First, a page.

Genetics and diet influence bile acid homeostasis

EPFL scientists have used a systems genetics approach to unravel novel genetic and environmental modulators of bile acid homeostasis. Their findings provide new insights into the regulatory mechanisms of bile acid homeostasis and may have implications for the treatment of metabolic diseases.

Bile acids are a large group of cholesterol derivatives that are well known for their role in facilitating the intestinal absorption of fats. Once re-absorbed from the intestine, bile acids circulate in the blood, where they can function as powerful hormones. The concentration and composition of bile acids in the blood change after each meal and this allows them to inform other organs that energy is available.

Despite this knowledge about their function, the genetic and environmental modulators of bile acids are not fully deciphered and the understanding of how specific bile acid entities are produced and function is lacking.

In a new study carried out by the groups of Kristina Schoonjans and Johan Auwerx at EPFL, with colleagues at UNIL and ETHZ, researchers used a “genetic reference population” of mice (the BXDs), which resemble the genetic variation of a small human population to gain new insights into bile acid homeostasis. By combining environmental changes (high-fat diet feeding), “omics” data, bioinformatics, and molecular biology analyses the team mapped hundreds of potential genetic and environmental determinants of bile acids, defining their impact on health and disease. The study is published in Cell Metabolism.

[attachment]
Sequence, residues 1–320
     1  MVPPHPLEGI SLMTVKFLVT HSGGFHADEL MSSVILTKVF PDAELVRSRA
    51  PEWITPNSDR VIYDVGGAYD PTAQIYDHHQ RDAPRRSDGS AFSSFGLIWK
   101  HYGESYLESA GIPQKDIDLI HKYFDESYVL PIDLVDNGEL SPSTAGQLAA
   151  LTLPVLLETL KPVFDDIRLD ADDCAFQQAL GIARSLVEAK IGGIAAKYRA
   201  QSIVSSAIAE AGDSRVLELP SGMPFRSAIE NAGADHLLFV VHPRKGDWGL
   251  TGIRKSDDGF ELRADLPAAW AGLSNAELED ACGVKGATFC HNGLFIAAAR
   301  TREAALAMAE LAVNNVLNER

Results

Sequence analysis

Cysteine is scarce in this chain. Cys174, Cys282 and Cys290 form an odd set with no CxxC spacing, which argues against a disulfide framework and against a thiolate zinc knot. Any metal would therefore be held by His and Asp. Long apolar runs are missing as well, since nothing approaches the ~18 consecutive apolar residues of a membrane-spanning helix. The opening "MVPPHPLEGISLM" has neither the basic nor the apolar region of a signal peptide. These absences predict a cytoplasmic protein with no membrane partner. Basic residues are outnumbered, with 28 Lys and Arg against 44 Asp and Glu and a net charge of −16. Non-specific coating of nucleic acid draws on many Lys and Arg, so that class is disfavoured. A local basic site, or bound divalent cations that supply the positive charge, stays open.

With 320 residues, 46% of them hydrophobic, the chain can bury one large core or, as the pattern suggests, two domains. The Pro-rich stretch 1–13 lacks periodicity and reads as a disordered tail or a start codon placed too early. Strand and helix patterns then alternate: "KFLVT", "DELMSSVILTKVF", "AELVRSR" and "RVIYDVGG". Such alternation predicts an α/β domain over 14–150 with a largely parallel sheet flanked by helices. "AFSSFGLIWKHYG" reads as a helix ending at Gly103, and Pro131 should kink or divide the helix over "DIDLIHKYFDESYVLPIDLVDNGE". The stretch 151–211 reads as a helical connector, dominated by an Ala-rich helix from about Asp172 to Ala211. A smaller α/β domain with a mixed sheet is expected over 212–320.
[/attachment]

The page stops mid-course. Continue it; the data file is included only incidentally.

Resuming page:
The researchers also measured the abundance and composition of bile acids in the liver, stool, and plasma (the main tissues of bile acid synthesis, metabolism, and signaling, respectively) in 36 BXD mouse strains fed normal chow or high-fat diet. The data showed that bile acid levels were highly influenced by the diet.

Bile acids play a critical role in metabolic diseases, and the researchers confirmed that they strongly correlate with physiological traits, including body weight, fat mass, glucose, and insulin levels. They also identified several genetic loci linked to bile acid levels, with tauro-ursodeoxycholic acid (TUDCA) being the most prominent example. TUDCA is known to alleviate multiple diseases, but its receptor and modulators remain unknown. The scientists identified carboxylesterase 1C (CES1C) as a novel modulator of TUDCA plasma levels through bioinformatics and systems genetics approaches, and further validated its role using an in vivo loss-of-function mouse model.

“The BXD mouse reference population is a perfect model to study the genetic basis of complex traits and allows for the establishment of a controlled environment, a key prerequisite to this analysis,” says Hao Li, the first author of the study. “This approach allowed us to identify CES1C as a modulator of TUDCA plasma levels and to discover many other links between genes, bile acids, and phenotypes,” adds co-first author Alessia Perino. “This work, largely sponsored by the Kristian Gerhard Jebsen Foundation, lays the basis for the identification of novel approaches to increase health-promoting bile acids, which could pave the way for the development of promising therapies for human metabolic diseases.”